When looking for ways to improve time management while scheduling the most effective music log, it’s often best to get down to the basics. This is especially true when developing and or refining your music-scheduling database. The best practices include asking the following questions: The first is whether the database was initially cloned from another station with the same format. Secondly whether the database transferred hands from another program director or third whether the database was created from scratch. These three different scenarios will make a huge difference in troubleshooting or modifying the structure of your station’s music library. You’d be surprised at the number of programmers and consultants who refuse to pay this type of close attention to detail or simply don’t realized the importance of every song’s individual attribute and how these small pieces are part of the bigger picture… a precisely generated music log.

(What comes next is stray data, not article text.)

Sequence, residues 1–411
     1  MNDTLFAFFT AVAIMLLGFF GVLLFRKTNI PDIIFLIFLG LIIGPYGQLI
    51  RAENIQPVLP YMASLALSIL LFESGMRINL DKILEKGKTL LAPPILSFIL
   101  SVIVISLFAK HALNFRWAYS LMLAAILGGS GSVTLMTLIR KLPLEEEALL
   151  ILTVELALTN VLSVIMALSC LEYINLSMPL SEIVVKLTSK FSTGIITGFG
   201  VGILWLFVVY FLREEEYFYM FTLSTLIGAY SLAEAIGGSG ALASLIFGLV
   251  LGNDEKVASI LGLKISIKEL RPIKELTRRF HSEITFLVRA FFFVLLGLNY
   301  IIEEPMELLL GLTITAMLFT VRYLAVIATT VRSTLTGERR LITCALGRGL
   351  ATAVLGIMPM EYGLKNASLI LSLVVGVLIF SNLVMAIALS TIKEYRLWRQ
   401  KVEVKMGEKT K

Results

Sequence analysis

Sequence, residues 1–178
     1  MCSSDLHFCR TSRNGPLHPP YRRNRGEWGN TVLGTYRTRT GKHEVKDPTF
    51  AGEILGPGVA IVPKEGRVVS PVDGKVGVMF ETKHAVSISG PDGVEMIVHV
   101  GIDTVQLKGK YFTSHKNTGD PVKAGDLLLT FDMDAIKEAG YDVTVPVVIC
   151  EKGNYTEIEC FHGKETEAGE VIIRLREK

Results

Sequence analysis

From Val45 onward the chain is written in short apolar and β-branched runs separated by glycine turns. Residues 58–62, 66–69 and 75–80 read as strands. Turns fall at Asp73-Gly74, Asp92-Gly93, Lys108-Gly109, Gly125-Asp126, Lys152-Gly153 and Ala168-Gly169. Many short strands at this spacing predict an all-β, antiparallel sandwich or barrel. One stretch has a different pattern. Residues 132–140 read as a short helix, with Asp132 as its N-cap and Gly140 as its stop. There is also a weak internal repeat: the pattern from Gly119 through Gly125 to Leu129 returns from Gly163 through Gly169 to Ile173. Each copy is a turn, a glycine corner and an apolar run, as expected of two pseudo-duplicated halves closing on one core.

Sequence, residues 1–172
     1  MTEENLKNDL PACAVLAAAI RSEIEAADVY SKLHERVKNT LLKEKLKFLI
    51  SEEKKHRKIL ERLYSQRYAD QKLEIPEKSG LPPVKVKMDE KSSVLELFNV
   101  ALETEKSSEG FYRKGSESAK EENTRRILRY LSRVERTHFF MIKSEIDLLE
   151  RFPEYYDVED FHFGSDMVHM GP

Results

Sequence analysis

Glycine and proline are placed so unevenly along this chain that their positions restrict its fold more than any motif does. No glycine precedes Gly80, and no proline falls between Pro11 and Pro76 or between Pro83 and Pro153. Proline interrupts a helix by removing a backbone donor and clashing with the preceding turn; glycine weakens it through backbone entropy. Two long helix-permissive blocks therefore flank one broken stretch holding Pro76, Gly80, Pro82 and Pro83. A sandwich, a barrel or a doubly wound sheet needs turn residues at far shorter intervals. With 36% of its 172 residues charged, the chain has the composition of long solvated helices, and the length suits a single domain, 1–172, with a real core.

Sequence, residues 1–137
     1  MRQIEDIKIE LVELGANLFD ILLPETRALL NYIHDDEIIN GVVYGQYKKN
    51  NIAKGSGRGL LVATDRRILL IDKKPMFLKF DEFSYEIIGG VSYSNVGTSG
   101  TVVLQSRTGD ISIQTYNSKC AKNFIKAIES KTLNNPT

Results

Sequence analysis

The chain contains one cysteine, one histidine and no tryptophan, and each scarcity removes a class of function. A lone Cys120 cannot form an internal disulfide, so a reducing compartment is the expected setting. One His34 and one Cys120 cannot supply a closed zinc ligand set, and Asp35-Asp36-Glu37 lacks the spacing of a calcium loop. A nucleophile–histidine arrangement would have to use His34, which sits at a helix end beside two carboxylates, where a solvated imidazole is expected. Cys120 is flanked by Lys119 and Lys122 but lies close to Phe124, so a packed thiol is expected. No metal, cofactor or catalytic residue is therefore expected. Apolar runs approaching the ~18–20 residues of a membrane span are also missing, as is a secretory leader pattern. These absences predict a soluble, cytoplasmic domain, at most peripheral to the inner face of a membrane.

Getting back to the basics can often mean going through the database library with fresh eyes to determine if there are any errors or redundancies. This is especially true if you’re working with a cloned database, or a database that you didn’t create yourself. Songs may have been incorrectly coded with specific characteristic rule codes and important descriptive settings. A database is only as good as the accuracy of the information held within it, so basic data verification is of paramount importance. No two people will describe the basic five attributes of a song in the same manner. For more information about database maintenance contact Earl Boston Inc.